On Diversity

June 12, 2015

This is - to a certain degree - a companion piece to an earlier post I wrote, On Being CriticalIn that post, I stated that all art is, by nature, critical, since it serves as a commentary to the imperfect world in which it is formed.

Now, I'd like to extend that idea by talking about the function of an arts festival. Why should we have month-long programs chock-a-block with performances?

Certainly, quantity is something to be celebrated. The fact that one can go out almost every night during the Arts Fest period and have something to do is not to be sneezed at. But more crucial still is variety rather than turning up for thirty days of the same old thing, we crave mutliple multiple names, multiple faces, multiple options to choose from. Maybe even multiple art forms, multiple nationalities, mutliple perspectives that we haven't seen beforeCrazy idea: we might even want to expand our minds with art.

That hunger, that curiosity, is what excites folks who curate arts festivals. They're opportunities to introduce audiences to the new, the unexpected, the different. There will, of course, be the audience members who're firm in their favourites: they just want a piano concerto, thank you very much, or a classical bharatanantyam performance, or a feel-good work of social theatre by established Singaporean actors they already know, and nothing else. But there's the ever-present opportunity for experimentation - deciding to go for an Indonesian Wayang Wong performance or a Korean reintrepetation of Lady Macbeth, for instance - and such moments of unlikely contact have the potential to be mind-blowing.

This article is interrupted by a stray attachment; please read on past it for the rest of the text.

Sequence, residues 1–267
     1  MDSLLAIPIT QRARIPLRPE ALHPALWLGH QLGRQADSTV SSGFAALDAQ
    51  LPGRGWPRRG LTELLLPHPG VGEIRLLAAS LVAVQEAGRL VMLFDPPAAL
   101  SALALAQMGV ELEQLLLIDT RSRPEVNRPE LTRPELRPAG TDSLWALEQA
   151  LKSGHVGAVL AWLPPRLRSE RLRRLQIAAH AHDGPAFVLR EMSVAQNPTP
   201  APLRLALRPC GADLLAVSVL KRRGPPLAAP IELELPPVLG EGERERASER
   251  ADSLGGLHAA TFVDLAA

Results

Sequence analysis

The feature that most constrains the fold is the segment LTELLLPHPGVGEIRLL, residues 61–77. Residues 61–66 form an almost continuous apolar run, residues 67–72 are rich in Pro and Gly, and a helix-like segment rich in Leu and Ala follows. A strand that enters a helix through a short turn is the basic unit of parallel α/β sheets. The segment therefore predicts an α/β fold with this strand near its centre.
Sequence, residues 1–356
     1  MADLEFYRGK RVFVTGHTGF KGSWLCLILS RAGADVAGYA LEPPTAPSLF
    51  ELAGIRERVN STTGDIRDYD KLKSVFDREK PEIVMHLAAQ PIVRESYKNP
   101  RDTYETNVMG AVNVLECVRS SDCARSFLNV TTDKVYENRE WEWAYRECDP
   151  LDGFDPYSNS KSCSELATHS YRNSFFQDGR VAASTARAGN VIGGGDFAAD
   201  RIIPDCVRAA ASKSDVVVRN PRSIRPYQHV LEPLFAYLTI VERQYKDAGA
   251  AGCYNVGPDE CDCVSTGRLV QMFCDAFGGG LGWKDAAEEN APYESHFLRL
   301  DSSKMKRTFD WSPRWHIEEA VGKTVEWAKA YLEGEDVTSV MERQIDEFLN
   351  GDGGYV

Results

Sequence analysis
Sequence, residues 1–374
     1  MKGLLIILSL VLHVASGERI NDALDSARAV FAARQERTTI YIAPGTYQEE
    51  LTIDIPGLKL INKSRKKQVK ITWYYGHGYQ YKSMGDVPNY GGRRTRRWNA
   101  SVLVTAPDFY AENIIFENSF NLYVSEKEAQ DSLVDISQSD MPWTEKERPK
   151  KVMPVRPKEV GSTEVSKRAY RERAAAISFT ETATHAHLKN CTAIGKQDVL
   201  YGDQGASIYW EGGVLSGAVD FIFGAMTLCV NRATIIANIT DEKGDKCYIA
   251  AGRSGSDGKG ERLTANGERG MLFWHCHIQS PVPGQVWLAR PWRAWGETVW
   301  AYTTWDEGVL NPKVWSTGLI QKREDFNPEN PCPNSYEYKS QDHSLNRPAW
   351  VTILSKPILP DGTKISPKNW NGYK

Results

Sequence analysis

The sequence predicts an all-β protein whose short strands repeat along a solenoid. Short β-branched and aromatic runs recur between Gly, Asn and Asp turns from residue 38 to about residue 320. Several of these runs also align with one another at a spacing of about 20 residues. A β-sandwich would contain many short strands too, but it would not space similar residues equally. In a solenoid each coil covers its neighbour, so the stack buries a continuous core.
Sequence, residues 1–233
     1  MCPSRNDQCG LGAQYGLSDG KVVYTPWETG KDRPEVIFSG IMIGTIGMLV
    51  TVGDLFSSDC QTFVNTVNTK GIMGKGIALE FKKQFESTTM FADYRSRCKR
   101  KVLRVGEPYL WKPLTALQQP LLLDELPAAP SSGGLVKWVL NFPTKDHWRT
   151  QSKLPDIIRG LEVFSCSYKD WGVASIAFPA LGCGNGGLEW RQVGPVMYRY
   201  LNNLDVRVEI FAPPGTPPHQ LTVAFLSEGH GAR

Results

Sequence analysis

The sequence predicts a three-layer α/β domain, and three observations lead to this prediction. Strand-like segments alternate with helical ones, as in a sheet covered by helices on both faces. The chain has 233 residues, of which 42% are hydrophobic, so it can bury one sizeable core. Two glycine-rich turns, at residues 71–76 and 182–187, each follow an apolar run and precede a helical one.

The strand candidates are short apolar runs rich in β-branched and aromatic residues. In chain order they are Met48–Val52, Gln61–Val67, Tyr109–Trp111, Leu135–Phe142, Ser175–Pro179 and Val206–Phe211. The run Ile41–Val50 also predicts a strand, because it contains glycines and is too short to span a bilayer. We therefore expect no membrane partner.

(That Korean Lady Macbeth really happened, by the way. It was staged here by Theater Moollee in 2010, and by all accounts, it was amazeballs.)

But new perspectives aren't only based on nationality. They're based on other aspects of identity as well, such as class, gender, race, age, language, religion, disability and sexual orientation - the usual categories of diverse populations such as ours.

SIFA has recognised this many times, over the years. Just last year, we saw Disabled Theater: a truly dynamic, surprising work created through French choreographer's interactions with Theater Hora, a Swiss group of young mentally disabled performers.

We also saw a fresh take on queer sexuality:  South African choreographer Mamela Nyamza's I Stand Corrected, which dramatises the horrific phenomenon of "corrective rape" against lesbians, in which men rape a queer woman, believing it may turn her straight.

And back in 2012, No Theatre's End of the Road, a choral performance by an American senior citizens' performing group whose ages range from 73 to 90.

The same year, the festival played with language, creating a Mandarin literary translation of the Singaporean/American gay-themed play A Language of Their Own, thus acquainting it with a new community of Chinese-speaking theatregoers.

And when an arts festival showcases traditionally marginalised voices - the disabled, the queer, the old, speakers of languages other than English - it isn't just sharing fresh perspectives with audiences. It's making redress for the fact that these voices are underrepresented or misrepresented in mainstream media. It reaffirms their value in the world by exhibiting their creative genius.

Tomorrow, the PinkDot rally is being held in Hong Lim Park. It's advertised as a rally to celebrate the freedom of love, but it's also a celebration of diversity, sexual, racial and cultural. Small wonder that many Singaporean artists are regular attendees, including the directors of upcoming SIFA production Hotel, Ivan Heng and Glen Goei:

But if the event it gets rained out - as some hope it will be - I'd like to remind people that there are other celebrations of diversity happening all round the calendar in Singapore.

So let's hear it for arts festivals. 

May they sing with many voices, especially the ones that don't get heard enough.

  • 2015